John Ross (johnross) Wed 11 Jun 08 10:34
Not specifically related to Wiillie Nelson (or is it?), but how do the "Texas-style" fiddlers who came after Eck Robertson fit into the larger picture? I'm thinking of people like Herman Johnson, Benny Thomasson, Dick Barrett and the others who define a particular type of fiddling that dominated the contest fiddle music scene over many years.
put me in coach, I'm ready to play (watadoo) Wed 11 Jun 08 13:20
I just finished the book two nights ago so it's very fresh in my mind. I learned more about Texas music in a few nights then I knew there was to learn. ;-) A highly pleasurable read. I really loved the road stories having been part of the Elvin Bishop family for 10 years and FOH mixer on our small crew. I'm sure there are many stories untold (i've got plenty of my own I don't dare tell my wife, even though they happened 18 years ago), though what did make it to your book was might fun reading. The other unexpected pleasure I got from your book was the info I gained about Waylen, long my favorite songwriter. Next book about Waylen maybe??
Joe Nick Patoski (joenickpatoski) Wed 11 Jun 08 13:30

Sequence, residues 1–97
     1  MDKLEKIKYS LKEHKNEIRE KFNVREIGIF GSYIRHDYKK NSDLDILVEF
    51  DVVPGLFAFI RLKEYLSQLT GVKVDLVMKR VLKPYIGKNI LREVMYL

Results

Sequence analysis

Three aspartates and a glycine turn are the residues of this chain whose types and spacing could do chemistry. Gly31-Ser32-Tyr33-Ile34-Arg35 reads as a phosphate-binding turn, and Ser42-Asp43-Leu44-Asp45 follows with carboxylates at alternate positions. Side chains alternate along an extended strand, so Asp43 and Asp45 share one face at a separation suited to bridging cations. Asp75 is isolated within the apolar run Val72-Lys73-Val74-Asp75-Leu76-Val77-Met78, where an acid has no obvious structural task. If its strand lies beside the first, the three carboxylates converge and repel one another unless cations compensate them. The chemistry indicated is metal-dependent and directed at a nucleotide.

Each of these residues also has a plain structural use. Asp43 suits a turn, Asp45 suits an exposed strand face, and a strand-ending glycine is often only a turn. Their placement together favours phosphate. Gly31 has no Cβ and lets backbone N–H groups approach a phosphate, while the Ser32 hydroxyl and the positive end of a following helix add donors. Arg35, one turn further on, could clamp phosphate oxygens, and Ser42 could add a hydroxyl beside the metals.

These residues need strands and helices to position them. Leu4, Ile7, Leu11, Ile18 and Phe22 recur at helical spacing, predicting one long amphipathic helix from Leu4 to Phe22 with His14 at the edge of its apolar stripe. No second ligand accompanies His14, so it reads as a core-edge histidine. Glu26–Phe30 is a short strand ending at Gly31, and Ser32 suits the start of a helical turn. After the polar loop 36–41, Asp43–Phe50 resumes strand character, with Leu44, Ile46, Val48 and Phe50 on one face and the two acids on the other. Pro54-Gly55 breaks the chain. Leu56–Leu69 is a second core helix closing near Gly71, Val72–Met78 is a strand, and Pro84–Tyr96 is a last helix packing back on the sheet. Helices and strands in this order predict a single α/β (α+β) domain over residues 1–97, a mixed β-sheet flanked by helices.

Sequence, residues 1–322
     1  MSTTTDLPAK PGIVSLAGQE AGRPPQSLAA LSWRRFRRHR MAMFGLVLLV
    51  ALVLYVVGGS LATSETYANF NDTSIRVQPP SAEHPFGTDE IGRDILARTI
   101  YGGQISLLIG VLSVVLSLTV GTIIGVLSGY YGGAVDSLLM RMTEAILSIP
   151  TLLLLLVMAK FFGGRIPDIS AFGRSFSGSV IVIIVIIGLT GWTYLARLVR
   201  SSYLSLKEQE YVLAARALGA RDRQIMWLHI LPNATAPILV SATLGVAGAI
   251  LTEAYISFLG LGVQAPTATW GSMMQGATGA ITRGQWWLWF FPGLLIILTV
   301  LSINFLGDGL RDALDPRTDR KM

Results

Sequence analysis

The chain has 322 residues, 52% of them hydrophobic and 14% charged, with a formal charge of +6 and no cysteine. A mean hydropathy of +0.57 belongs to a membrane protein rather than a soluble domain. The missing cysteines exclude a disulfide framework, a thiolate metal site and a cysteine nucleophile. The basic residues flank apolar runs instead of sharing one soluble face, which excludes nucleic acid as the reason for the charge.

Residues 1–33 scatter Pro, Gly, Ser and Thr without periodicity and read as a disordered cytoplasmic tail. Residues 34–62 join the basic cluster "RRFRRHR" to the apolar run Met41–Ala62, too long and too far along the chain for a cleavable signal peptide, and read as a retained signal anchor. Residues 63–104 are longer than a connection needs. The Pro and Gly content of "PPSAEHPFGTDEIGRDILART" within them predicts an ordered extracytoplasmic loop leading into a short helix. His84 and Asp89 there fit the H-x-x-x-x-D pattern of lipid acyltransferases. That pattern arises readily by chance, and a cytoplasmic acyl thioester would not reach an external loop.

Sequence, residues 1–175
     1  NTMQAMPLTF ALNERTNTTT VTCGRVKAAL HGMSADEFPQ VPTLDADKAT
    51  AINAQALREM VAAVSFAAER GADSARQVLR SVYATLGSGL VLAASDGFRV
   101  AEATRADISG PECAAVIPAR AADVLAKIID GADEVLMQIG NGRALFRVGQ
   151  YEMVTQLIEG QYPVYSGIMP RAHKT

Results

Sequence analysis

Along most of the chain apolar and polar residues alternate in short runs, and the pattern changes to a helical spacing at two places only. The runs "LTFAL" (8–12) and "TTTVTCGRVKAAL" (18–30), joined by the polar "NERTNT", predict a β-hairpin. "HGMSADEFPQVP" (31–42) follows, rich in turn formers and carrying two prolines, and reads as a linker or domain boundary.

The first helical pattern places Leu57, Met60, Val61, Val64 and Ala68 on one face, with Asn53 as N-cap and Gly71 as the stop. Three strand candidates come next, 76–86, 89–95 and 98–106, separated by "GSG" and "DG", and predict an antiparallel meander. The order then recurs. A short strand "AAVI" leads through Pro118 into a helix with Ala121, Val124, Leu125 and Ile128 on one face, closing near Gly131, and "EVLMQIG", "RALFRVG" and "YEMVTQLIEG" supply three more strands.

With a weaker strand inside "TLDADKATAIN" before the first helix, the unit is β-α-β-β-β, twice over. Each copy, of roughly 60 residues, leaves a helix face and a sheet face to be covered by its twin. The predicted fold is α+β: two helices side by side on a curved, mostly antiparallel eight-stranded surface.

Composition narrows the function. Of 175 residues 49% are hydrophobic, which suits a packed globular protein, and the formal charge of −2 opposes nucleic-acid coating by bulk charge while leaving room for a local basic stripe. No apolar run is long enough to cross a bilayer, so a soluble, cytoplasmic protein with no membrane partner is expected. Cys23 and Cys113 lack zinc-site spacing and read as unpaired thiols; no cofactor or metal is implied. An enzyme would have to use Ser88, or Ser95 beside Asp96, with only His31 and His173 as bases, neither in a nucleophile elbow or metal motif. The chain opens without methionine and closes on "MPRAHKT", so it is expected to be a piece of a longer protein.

pdl, Thanks for the comments. Context is everything to me. My subject could be static for all I care (thankfully, in this case, he is not) because it's filling the void around the character that makes writing a biography so much fun. Willie didn't spend too much time talking about Arkansas or his grandparents' connection to music in his own autobiography written with Bud Shrake 20 years ago, but it fascinated me. The first traveling I did for the book was to go to Arkansas to see where the Nelsons came from. I found the family homestead and the foundation for the one-cylinder engine that powered his great granddaddy's forge in his blacksmith shop. The land in north central Arkansas looks a lot like the land where Willie's ranch is west of Austin, and Ridgetop in Tennessee where Willie moved once the songwriting royalties started rolling in during the early 60s. Good question about the correspondence music school. Indeed in those days, correspondence schools were critical, since places like Pindall Ridge in Arkansas and even Abbott Texas were somewhat isolated. I don't have specifics about what the courses conveyed, but they did inform Nancy's ability to compose music, and to teach singing via the shaped note method. Willie remembers little of this, but his older sister Bobbie was pretty good recalling the correspondence course and their grandparents' devotion to music. This is an educated guess, but the course lessons came by mail, Nancy did the lessons and returned her papers and she was then graded. Eventually she successfully completed the curriculum and received a mail order degree. Jim Beck was a pioneering audio electronics geek who built his own studio and got such a good sound, Don Law took his Columbia acts to Dallas and Decca was sending acts to Beck before Bradley's Barn in Nashville got going. Beck's rep was established by getting a good sound on the earliest recordings of Ray Price and Lefty Frizzell in 1950 and later, Billy Walker, Marty Robbins, and Carl Smith. He recorded live shows at the Big D Jamboree and many of the headlining acts on the Big D in his studio. He actually built two studios, one on Forest Ave. in Dallas and one on Ross Ave. Beck died from carbontetrachloride poisoning - inhaling cleaning fluid while cleaning his equipment in 1956. Billy Walker said that had Beck lived, the recording industry that is in Nashville would instead be in Dallas, he was that much on an innovator. Beck's sidekick, another storied Dallas character named Leo Teel, is still alive and living in Grand Prairie. He's got lots of Willie stories. John Ross, I should actually ask a few of my son's friends who do fiddle contests around the state before I place foot in mouth. But I will say, my take on why Texas fiddle is very different from Appalachian fiddle, is backed on it being of the key instruments in Western Swing ensembles, suggesting Stephan Grapelli or Joe Venuti is as much as an influence as anyone from Kentucky or Tennessee. Texas fiddle is also less rooted in the Scottish, Irish, and British traditions that defined country fiddlers from the east, mainly because the farther you are from the original source, the less likely you're going to try to play the old style as faithfully. Besides swinging more, Texas fiddle is still tethered to dance music - I'm thinking Darrell McCall telling me he moved to Texas because country dance crowds were all about "fiddles and steel," although dancing is rare at fiddling contests. Alvin Crow and Johnny Gimble are both great examples of the contemporary Texas fiddle style. Hey Coach, thanks, especially coming from someone in the bidness. (send a shoutout to E for me). Of course there are many stories still untold. The one thing I came away from the round of book signings in Texas is, everyone's got a Willie story. I'm hoping this book prompts band and crew members to sit down and share some of their stories, and I have personally tried to convey that to all who are around Willie. This book lays down a marker. Others hopefully will follow. One of the most fascinating aspects of Willie Nelson and Family in the here and now is their rep as a road band and crew. They are a state-of-the-art touring organization and I'd contend they are regarded among their peers as the top of the line, rivaled only by the Grateful Dead's crew. Drivers Gates Moore and Johnny Sizemore have been recognized for breaking Hoot Shaw's record of driving more miles for a single act. Hoot drove for Ernest Tubb. Remind me someday and I'll try to relate the story Poodie Locke told me recently about promoter Larry Trader, one of Willie's "thieves" having to be helicoptered out of the 1980 Fourth of July Picnic on Willie's golf course, mumbling,"I've told too many lies, I've told too many lies."